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Lenovo ThinkPad X100e

Lenovo ThinkPad X100e

Cheapest ThinkPad ever, anyone?

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Review As netbooks approach adolescence, they're outgrowing the original bargain basement specs and compromises acceptable to a beach girl, and heading towards £500. But around this price they're meeting ever-cheaper thin and light notebooks, or "ultraportables". The result is an overcrowded and confusing market place.

Lenovo ThinkPad X100e

The second laptop? Lenovo's ThinkPad X100e

It's into this that Lenovo has pitched a couple of offerings, both ThinkPad branded and either side of the £500 price point, but based on AMD's new Athlon Neo chips. The X100e here is the cheaper of the two, and the first Thinkpad in the UK to be priced below £400. But how much ThinkPad quality has found its way into the box?

The X100e looks the part, and you do get some welcome Thinkpad hallmarks for your money. A street price of £400-£500 buys you an outstanding keyboard, robust construction, a TrackPoint, and all-matt finish. But there's no rollover cage, use of magnesium alloy, docking facility, or other small features expected on a member of the Thinkpad range, such as a keyboard lighting.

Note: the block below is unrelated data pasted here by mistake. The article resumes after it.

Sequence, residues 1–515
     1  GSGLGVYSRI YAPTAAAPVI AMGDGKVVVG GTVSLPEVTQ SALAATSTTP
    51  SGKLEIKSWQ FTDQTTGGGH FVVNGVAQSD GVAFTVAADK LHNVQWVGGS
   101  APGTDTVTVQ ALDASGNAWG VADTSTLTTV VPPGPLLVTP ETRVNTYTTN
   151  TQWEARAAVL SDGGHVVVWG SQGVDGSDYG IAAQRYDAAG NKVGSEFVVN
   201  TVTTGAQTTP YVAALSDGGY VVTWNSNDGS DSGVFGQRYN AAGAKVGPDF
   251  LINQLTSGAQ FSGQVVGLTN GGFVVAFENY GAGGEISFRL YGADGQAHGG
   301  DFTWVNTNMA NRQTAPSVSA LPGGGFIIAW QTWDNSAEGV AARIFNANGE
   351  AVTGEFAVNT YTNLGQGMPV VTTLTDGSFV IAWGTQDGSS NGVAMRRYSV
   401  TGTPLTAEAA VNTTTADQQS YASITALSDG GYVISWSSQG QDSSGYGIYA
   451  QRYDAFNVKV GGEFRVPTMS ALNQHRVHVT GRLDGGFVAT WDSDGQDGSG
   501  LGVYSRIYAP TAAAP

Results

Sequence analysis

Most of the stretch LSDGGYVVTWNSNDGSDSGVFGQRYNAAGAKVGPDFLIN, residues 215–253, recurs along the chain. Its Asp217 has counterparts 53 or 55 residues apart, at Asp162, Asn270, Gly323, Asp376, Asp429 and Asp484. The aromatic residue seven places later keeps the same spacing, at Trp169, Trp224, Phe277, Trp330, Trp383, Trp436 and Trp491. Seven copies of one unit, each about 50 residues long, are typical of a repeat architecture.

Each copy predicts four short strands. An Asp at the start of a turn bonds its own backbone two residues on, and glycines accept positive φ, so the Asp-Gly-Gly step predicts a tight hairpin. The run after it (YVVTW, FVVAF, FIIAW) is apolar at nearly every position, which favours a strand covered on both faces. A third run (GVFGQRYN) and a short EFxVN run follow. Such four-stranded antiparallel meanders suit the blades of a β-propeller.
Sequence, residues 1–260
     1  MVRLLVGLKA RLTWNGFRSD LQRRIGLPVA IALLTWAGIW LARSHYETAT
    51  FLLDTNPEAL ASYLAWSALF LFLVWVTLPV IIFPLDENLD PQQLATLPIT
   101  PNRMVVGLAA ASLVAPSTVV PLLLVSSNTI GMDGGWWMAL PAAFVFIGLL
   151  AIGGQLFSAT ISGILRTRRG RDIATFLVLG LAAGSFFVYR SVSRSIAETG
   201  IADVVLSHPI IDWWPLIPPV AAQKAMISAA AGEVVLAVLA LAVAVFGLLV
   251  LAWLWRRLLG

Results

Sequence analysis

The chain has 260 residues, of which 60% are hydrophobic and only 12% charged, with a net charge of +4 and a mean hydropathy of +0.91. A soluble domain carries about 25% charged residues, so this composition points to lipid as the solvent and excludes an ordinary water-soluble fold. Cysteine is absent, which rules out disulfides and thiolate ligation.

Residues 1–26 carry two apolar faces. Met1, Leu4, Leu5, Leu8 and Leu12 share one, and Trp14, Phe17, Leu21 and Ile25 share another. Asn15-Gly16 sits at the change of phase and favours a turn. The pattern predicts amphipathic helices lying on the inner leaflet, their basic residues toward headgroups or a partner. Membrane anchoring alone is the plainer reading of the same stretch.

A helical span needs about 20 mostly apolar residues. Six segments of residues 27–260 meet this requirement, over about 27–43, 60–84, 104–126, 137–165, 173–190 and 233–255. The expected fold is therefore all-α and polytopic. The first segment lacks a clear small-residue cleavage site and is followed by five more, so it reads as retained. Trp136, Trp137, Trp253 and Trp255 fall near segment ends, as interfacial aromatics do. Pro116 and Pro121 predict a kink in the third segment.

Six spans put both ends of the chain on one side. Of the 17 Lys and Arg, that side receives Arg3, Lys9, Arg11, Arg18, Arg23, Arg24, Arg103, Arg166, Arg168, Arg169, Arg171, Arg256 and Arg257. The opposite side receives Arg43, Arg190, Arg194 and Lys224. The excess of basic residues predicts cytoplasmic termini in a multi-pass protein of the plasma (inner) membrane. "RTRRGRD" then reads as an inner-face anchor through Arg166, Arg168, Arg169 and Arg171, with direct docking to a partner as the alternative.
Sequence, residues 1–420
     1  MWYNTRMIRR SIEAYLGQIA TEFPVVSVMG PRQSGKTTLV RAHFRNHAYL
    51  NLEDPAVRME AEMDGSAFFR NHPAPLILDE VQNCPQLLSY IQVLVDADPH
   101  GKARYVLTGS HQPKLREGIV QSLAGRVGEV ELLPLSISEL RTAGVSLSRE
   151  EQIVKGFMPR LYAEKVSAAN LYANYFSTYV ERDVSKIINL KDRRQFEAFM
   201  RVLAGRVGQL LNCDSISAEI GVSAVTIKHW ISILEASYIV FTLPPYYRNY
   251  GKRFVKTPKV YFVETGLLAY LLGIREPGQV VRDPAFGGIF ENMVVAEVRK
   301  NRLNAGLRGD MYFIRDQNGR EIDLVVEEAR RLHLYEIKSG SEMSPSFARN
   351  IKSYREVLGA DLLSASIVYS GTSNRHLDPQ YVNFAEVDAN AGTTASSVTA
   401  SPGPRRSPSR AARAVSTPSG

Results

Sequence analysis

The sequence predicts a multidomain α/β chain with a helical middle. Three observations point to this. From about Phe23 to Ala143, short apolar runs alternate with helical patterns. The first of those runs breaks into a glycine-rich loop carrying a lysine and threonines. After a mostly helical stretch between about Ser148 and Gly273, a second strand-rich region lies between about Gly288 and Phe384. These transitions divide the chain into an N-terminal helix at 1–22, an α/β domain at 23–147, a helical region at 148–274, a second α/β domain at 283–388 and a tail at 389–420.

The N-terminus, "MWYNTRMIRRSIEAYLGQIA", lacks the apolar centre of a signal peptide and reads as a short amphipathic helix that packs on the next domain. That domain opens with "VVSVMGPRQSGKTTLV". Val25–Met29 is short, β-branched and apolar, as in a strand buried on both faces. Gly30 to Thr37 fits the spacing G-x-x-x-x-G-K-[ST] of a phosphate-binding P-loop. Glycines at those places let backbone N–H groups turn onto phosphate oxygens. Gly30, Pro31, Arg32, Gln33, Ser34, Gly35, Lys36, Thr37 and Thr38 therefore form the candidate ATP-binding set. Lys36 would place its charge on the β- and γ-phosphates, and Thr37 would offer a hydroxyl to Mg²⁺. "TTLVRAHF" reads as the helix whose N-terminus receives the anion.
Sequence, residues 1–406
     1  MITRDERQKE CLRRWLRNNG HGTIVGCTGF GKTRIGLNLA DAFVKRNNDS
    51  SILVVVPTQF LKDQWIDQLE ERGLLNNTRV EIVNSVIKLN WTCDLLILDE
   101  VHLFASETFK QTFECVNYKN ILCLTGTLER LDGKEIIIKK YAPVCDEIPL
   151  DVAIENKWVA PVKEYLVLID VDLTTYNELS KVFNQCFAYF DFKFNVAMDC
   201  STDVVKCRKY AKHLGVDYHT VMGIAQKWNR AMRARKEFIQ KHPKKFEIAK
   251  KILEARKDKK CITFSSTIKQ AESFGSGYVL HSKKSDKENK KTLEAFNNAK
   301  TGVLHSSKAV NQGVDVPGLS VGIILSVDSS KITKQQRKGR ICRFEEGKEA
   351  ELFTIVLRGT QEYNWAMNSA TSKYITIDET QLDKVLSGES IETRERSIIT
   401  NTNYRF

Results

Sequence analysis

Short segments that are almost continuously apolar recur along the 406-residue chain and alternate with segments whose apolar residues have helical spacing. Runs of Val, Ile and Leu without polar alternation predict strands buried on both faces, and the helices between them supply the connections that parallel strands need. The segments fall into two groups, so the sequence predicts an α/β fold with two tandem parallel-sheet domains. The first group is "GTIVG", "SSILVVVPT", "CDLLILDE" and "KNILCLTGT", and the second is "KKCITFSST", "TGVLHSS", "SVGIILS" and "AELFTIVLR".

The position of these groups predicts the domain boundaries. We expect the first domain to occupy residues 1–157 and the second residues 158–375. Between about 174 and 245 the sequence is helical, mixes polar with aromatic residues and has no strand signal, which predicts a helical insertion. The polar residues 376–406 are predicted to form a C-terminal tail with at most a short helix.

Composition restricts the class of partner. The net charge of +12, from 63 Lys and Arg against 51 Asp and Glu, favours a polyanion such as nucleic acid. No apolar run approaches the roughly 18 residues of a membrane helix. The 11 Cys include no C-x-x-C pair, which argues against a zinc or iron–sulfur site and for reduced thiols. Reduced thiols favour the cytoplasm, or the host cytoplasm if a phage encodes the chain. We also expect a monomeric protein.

From a distance, it looks like a classic X23/30/40/60/200 series model, that's undergone a slight shrink. The design owes a lot to Apple's basic MacBook. Here's an 11.6in display with a 1366 x 768 resolution in a machine weighing in at 1.47kg. Curiously, this makes it a shade smaller than the biggest member of Lenovo's own IdeaPad netbook range, the 12.1in S12. £500 can buy you a lot of laptop, but here, you're very much paying for the form factor.

Missing is a CD-Rom drive, which isn't unusual, but there's no HDMI (or even DVI) output either. The HDMI port is increasingly common on netbooks and a big convenience for home media systems. Forget about FireWire, too. Turn the X100e around and an ungainly 6-cell battery protrudes from the machine's backside. The smaller 3-cell battery doesn't seem to be an option for UK buyers.

Lenovo ThinkPad X100e

A nice touch? TrackPoint's appeal still holds for many

The plus points are an outstanding keyboard, the inclusion of both Trackpad and a genuine TrackPoint, and the promise of a genuine GPU on board, a rare beast indeed for something with a netbook's weight and price. The keyboard is undoubtedly the machine's strongest point.

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